For convenience of description the sneaker 20 is divided into a heel zone 24, a longitudinal arch zone 25, and a toe zone 26. In FIGURE 1 the pliable upper is shown turned back upon itself at 27 to reveal the interior, the tongue 28 is similarly turned back and a portion of the tongue is broken away in the toe zone.
The bony structure of the human foot is well known, including the three bearing points 36, 3-1 and 32 of the foot tripod, the oscalcis at the heel and the first and fifth metatarsal heads, intermediate of the length of the foot. The various articulated bones of the foot to which reference is made herein are designated by the following numerals, oscalcis 33, astragalus 34-, scaphoid 35, cubiod 36, internal cuneiform 37, first metatarsal 38, fifth metatarsal 3? and first proximal phalanx All.
Unlike the devices of the prior art in which a scoop shaped body, or an upstanding inner wall receives, or engages, only the portion of the human foot in the heel zone 24, and in which the oscalcis bone only is resiliently propped up from underneath, the bottom and inside wall of the elongated scoop shaped body 42 of this invention is coextensive in length with the heel zone 24 and with the longitudinal arch zone 25, extending up to, but not including the toe zone 26. The elongated body 42 is unitary and formed of substantially incompressible material '41 such as Ce lastic, a cotton flannel impregnated with pyroxylin, which, when wet with a solvent such as alcohol, forms a plastic mass moldable onto a last-and hardens in air in about an hour. Synthetic, or natural, rubber, fibrous sheet material and the like can also be shaped to the desired configuration and impregnated, or adhered, into the desired shape. While body 42 is not entirely rigid, as if made of metal or plastic, the lower portion 43 of the inside wall is substantially rigid and the upper portions of the walls are semi-rigid, self-supporting and able to resiliently yield slightly, as at 44 and 45 in FIGURE 3.
The elongated body 42 includes an integral bottom 48 which extends from the mid point of the back of the heel zone 24, forwardly through zone 24, through longitudinal arch zone and through the zone of the metatarsals 38 and 39, to proximate the proximal phalanx bones. The bottom 48 thus covers all of the inner face 49 of the sole 22, or insole, except for the portion in the toe zone 26 and underlies all of the human foot except the toes. The bottom 48 is of substantially uniform wedge shaped section from end to end, with the outside edge 50 about one sixteenth inch in thickness and the inside edge 51 about one eight-h inch in thickness. It thus increases in thickness from the outside to the inside and unyieldably and incompressi'bly supports the medial structure of the foot from underneath in the normal vertical position thereof while, together with a substantially vertical, inside wall, preventing inward inversion of all of the overlying bone structure from the heel to the toes.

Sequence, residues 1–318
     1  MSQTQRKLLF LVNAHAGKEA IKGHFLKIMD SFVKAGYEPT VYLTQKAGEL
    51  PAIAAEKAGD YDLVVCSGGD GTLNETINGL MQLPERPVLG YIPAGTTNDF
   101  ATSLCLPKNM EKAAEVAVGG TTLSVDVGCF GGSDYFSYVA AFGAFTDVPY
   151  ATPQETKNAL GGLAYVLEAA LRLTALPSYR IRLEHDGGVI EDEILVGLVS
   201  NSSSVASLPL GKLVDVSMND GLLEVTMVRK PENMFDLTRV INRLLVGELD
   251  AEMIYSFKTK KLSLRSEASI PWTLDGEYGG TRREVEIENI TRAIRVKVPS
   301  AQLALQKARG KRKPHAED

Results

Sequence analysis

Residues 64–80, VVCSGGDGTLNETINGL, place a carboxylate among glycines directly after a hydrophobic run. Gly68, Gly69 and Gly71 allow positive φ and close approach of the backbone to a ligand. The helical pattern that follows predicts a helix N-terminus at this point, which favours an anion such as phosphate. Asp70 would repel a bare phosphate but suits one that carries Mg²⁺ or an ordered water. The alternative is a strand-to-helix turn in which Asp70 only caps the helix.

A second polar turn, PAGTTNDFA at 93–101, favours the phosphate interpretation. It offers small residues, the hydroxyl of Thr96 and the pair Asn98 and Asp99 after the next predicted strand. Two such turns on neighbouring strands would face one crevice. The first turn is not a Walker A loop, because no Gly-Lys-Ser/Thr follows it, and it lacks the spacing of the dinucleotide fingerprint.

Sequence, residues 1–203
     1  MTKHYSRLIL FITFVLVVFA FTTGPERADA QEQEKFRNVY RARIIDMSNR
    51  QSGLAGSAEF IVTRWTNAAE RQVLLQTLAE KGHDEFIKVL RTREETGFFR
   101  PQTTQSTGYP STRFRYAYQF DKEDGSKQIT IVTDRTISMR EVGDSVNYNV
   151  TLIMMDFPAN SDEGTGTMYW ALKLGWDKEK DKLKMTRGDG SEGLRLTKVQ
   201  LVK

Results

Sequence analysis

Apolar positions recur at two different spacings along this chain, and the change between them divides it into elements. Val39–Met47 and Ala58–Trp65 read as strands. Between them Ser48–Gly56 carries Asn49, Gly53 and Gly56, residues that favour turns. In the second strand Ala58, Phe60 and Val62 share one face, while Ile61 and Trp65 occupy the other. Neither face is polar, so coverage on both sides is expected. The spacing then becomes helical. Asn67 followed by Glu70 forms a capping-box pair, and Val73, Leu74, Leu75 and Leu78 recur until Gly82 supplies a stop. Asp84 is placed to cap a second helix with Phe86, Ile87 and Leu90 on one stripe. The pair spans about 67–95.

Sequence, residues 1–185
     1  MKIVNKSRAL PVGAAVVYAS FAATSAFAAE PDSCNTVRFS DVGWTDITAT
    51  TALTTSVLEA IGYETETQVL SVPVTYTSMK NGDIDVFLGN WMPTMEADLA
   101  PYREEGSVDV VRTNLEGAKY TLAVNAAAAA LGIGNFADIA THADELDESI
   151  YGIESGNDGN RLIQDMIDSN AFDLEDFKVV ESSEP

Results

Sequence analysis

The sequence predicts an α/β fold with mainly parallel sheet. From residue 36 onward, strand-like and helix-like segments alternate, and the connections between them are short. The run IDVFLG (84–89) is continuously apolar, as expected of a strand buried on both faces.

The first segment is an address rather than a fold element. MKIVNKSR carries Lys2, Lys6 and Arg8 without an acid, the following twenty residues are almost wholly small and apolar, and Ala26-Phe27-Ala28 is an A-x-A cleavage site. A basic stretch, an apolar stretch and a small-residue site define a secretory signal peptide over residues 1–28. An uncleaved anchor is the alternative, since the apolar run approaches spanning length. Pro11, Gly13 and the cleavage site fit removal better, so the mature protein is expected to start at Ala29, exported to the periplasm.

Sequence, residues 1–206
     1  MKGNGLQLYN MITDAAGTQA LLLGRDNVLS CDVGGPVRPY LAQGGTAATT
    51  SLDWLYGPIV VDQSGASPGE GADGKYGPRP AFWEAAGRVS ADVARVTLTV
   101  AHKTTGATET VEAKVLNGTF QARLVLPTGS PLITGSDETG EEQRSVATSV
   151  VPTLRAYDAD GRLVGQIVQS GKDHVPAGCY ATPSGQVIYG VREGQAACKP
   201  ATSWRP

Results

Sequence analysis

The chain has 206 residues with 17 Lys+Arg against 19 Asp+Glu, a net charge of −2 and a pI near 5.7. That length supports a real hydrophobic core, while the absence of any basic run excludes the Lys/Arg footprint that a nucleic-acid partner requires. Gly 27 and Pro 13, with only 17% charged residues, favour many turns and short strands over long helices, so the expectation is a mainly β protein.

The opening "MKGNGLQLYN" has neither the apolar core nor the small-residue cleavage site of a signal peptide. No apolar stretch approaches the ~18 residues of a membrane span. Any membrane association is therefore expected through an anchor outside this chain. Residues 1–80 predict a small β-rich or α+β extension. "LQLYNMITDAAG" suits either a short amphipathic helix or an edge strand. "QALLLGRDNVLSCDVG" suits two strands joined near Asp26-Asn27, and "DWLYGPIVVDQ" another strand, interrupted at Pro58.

The elongated body 42 also includes an integral inside wall 53, co-extensive in length with bottom 48 and upstanding from the inside edge 51 thereof. The inside wall 53 is self-supporting and substantially normal to the plane of the lower face 54 of the bottom 48, in its lower portion 55 and intermediate portion 56 but the upper portion 57 of wall 53 is curved inwardly in conformance with the shape of a human heel. As best shown in FIGURE 2, the upper portion 57 of inside wall 53 terminates in an upper rim 58 which extends from the mid-point of the back of the heel zone 24, substantially in parallelism with the bottom 48, through the heel zone and then curves downwardly and arcuately in a gradual curve until it is flush with the forward edge 59 of bottom 48 just beyond the terminus of the first metatarsal. It will thus be seen that the intermediate portion 56 of inside wall 53 is substantially vertical and extends alongside the transverse arch structure of the foot providing lateral support, not only to the oscalcis 30 and astragalus 34 in the heel zone, but also to the scaphoid 35, internal cuneiform 37 and the entire first metatarsal 38. In the case of a child wearing sneakers and jumping down from a high place, or an athlete wearing canvas shoes and landing hard on his feet as in basketball or tennis, the elongated, substantially unyieldable, upstanding wall 53 prevents all of the articulated bones in the medial part of the foot from turning inwardly and downwardly and maintains the same in their normal vertical position.
The upstanding wall 53 is of substantially uniform, wedge-shaped section increasing in thickness from the upper portion 57 where it is about one sixteenth inch in thickness, to the lower portion 55 where it is about one eight inch in thickness. The scoop shaped body 42 is gently curved where the inside edge of the bottom 48 and the bottom edge of the inside wall 53 merge and meet at 61. As shown in FIGURES 3 and 4, I prefer to form the body 42 in laminations, there being an inner lamination 62 of uniform thickness to outline the interior of the body and the rigid, unyieldable incompressible inside of the bottom and lower and intermediate portion of the inside wall being formed by overlying laminations 63, 64, 6'5 and 66, each extending from the inside wall of the body for a different distance toward the outside, or opposite, wall to create a wedge-shaped section. The larninations are adhered to each other by suitable adhesive layers 67, or in the manner of an impregnated gauze cast, and become relatively stiff to the degree that the thickened lower inside portion of the body is rigid and inflexible while the single thickness remainder of the body is semi-rigid and yieldable.